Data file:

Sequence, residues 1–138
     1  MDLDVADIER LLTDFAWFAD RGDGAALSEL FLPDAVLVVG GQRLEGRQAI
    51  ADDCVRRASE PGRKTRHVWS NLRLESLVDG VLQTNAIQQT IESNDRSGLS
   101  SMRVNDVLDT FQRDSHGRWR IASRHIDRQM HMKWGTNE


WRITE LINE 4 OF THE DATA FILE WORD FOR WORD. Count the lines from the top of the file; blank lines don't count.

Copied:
   101  SMRVNDVLDT FQRDSHGRWR IASRHIDRQM HMKWGTNE